Thursday, September 3, 1936

“Old Bill” Suggests—

Far back in human thought, logic and mathematics became separated, perhaps because the language used in logic led through the study of Greek, while the application of mathematics led into the field of science. In more modern times, the two have drawn together until a university audience finds them merging into one.

Counting on our fingers, which is the most easily grasped mathematical concept for most of us, can lead either forward, into further complexity until we are juggling trillions and light-years by differentiation and integration, or backward by analysis to greater abstraction and logical simplicity.

Bertrand Russell, for instance, points out* that early Greek geometers, passing from empirical rules of Egyptian land surveying to general propositions by which these rules were found justifiable, and thence to Euclid’s axioms and postulates, were working backward into logic.

Taking natural numbers 2, 3, 4, 5, etc., as a middle ground, however, is a purely arbitrary estimate of our present level of comprehension. In a lower stage of civilization, the degree of abstraction involved in realizing that three days and three cows involved the same mathematical quality might have been difficult.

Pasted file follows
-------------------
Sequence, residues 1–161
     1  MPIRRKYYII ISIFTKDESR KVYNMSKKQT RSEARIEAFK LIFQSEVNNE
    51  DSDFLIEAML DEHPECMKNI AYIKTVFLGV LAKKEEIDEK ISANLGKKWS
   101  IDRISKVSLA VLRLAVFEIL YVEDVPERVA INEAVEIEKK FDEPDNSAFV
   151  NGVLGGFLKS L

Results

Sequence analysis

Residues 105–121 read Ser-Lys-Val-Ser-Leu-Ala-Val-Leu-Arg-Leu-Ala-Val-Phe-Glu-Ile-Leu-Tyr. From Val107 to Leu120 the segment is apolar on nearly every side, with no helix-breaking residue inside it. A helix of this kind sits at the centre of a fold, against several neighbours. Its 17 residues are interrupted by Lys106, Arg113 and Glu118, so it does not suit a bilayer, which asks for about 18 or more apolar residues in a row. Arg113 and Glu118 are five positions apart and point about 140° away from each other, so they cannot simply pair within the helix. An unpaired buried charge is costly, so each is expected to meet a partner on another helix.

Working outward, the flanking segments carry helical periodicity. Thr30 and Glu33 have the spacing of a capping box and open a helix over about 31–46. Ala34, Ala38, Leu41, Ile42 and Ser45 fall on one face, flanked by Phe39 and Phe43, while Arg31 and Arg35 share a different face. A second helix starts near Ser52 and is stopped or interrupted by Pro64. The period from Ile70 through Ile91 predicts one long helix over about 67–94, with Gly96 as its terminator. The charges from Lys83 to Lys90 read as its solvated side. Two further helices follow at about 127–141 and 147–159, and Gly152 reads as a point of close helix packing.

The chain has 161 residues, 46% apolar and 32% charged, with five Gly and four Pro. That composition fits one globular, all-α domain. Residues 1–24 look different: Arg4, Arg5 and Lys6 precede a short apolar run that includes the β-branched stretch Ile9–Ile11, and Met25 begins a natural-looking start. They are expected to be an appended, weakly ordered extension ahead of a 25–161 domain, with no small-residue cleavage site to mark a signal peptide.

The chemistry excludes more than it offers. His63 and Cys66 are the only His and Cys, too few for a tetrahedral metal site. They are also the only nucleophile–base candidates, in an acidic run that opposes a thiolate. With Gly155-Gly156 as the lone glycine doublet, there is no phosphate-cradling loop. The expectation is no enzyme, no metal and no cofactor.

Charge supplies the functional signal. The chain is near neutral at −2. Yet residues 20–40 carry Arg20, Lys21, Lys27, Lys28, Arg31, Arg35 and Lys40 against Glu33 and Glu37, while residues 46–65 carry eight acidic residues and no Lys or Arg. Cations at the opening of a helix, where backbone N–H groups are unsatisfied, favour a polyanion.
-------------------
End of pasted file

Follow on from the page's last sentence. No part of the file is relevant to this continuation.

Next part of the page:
So far, it is too much to ask that the deepest levels of logic merge in turn into poetry and mysticism, yet we should be the gainers if poets ceased to shun commensuration and mathematicians realized that their symbols might also express, quite abstractly, the music of the spheres.

ROYAL F. MUNGER.

* Introduction to Mathematical Philosophy.

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